Last time on Disney’s Musical Theatre we discussed the feature film Snow White and the Seven Dwarfs and it’s musical history. Now, we are looking at the second film from the animation studio, Pinocchio. Not only is Pinocchio one of my favorite films, but it features a soundtrack which evokes that “Disney magic” feeling than any other. The music for Pinocchio was composed almost solely by Leigh Harline, who also contributed to the music for Snow White and the Seven Dwarfs.
The film opens in traditional storybook fashion with Jiminy Cricket singing the most famous song in the film and, arguably, Disney history: “When You Wish Upon a Star”. This quintessentially Disney song was written for the film but has had many other uses in Disney properties throughout the years. Between closing out Walt’s weekly show or being a staple at the parks, this song represents something childlike in all of us and, without fail, always brings out the feelings of nostalgia. In the film, however, it signifies Geppetto’s wish for a son.
Read: Disney’s Musical Theatre: Snow White (Part Two)
The second song, though shorter, is also beautiful. Titled “Little Wooden Head”, this is the music that plays from the music box while Geppetto is puppeteering Pinocchio. Several lyrics were written for Geppetto to sing, but only one verse wound up in the film. Strangely, this verse is often cut out of the soundtrack versions which usually are solely instrumental.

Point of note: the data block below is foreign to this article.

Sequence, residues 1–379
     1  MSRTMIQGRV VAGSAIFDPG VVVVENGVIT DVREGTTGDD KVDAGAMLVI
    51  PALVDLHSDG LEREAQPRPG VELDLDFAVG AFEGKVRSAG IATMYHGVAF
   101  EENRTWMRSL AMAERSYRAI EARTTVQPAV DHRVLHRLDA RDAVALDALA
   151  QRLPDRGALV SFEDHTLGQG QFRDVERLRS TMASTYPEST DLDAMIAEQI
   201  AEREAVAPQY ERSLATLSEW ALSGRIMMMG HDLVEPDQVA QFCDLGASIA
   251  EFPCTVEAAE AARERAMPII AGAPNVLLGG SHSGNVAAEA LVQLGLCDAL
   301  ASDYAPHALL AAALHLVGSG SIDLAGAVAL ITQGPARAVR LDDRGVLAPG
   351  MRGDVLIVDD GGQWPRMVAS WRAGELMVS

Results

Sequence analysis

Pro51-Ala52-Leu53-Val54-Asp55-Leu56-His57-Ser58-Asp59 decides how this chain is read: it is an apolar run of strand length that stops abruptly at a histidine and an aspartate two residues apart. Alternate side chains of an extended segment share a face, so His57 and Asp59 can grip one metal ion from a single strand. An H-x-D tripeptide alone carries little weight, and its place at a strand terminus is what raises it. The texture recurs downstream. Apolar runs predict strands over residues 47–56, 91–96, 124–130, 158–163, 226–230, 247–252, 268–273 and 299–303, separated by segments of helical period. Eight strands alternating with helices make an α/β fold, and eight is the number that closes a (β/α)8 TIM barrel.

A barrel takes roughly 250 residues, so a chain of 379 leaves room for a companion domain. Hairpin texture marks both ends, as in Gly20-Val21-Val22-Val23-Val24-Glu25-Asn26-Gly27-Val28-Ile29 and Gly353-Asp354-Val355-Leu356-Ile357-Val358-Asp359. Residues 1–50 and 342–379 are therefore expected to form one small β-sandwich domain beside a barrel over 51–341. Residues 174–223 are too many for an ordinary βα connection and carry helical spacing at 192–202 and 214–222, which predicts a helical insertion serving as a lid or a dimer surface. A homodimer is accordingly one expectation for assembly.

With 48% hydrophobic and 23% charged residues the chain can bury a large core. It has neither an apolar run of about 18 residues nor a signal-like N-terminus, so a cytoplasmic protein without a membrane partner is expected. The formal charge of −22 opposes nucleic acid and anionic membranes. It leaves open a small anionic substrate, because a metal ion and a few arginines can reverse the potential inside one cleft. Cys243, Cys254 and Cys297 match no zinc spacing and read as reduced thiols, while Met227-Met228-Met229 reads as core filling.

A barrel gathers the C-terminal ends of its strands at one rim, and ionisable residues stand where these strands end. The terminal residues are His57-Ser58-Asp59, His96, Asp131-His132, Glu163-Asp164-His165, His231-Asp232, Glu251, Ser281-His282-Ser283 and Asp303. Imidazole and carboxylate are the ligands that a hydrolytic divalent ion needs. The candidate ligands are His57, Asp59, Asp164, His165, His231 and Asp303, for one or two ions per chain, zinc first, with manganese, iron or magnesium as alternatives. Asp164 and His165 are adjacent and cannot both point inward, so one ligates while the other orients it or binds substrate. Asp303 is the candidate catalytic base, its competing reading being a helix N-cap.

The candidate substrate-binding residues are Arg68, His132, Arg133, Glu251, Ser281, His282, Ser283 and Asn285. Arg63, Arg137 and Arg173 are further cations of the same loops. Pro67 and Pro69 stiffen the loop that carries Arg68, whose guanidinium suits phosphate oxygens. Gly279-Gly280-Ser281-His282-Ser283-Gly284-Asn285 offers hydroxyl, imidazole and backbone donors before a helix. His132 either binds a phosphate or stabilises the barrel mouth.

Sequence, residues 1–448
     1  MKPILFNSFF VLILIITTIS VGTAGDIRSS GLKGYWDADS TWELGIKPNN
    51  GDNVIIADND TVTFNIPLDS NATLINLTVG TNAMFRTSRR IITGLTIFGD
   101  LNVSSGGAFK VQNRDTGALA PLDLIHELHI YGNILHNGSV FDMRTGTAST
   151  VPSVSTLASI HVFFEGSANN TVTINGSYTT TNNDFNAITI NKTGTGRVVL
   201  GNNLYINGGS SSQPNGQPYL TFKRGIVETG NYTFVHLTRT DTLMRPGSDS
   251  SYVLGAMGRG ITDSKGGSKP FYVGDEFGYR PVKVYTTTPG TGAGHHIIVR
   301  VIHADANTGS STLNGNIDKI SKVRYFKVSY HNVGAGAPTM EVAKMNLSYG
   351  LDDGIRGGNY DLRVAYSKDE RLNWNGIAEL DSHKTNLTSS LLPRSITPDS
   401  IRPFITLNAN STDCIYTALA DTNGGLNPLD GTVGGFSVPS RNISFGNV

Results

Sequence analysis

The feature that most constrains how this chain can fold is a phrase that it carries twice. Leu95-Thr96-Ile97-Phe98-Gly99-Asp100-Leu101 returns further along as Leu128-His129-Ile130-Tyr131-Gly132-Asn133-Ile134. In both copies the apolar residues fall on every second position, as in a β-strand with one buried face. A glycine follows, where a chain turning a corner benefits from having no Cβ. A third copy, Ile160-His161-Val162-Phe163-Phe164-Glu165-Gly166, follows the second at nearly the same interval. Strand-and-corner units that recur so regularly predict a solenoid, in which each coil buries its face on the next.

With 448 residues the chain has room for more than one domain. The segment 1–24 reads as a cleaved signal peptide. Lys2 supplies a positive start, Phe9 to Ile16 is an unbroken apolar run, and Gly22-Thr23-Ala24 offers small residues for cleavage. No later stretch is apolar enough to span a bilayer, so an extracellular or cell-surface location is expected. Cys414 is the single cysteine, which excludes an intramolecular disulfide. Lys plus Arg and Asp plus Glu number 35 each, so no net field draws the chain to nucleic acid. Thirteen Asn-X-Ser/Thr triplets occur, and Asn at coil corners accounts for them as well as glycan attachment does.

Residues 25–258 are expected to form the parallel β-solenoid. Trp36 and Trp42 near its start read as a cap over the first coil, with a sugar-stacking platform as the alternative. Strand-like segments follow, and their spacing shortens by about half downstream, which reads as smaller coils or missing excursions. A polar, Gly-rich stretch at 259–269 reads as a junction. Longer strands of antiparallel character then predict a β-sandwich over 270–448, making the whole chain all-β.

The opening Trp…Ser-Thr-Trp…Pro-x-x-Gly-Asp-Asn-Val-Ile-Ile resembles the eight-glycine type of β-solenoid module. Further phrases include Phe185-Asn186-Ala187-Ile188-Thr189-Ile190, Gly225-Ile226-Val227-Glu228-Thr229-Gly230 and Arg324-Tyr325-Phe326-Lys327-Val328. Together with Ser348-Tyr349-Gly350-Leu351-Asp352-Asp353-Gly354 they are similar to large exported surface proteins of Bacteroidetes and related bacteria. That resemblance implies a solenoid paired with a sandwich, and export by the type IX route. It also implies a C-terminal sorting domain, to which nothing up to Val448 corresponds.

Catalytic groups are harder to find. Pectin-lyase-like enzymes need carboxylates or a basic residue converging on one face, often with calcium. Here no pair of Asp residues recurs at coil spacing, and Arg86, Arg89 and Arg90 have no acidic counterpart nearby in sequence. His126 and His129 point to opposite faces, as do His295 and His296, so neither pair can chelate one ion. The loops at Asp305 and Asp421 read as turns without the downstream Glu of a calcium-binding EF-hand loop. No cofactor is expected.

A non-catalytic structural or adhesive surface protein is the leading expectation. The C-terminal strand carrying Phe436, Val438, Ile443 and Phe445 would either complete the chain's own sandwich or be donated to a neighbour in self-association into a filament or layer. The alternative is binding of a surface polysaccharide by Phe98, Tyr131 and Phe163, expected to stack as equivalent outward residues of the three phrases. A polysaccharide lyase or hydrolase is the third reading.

The next song is called “Give a Little Whistle” and is sung by Jiminy Cricket where he takes on the role of Pinocchio’s conscience. By simultaneously teaching Pinocchio how to whistle and ask for help, this fun little number sets up the rest of the film and drives home the theme of doing what’s right and listening to your conscience.
“Hi-Diddle-Dee-Dee (An Actor’s Life for Me)” is another classic song from the film and one that can often be heard at Disneyland as well. This is one of the earliest examples of a Disney villain song, though is quite different than most of the villain songs in recent years. Rather than being dark or foreboding, this is an upbeat song and is only villainous because it serves as an antithesis to Jiminy Cricket as Honest John tempts Pinocchio to turn away from all of the good things he has learned so far.
The final song in the film (apart from a reprise of “When You Wish Upon a Star”) is “I’ve Got No Strings” which Pinocchio sings during his marionette show by Stromboli. This diegetic song happens within the narrative as part of a ploy by Stromboli to make a quick buck by showcasing his new find, Pinocchio. As the title implies, this song exists to impress the audience attending this marionette show by proving that this wooden boy has no strings and can move and act on his own.
The music of Pinocchio is a joy to listen to within the context of the film and also just on its own. Its timelessness has been proven time and time again by its many appearances in other media since the original film debuted in 1940.
Next time, we are going to look at deleted songs from the film, the television musical Geppetto, and the stage adaptations that have been created in recent years.
Kaufman, J. B. Pinocchio: the Making of the Disney Epic. The Walt Disney Family Foundation Press, 2015.
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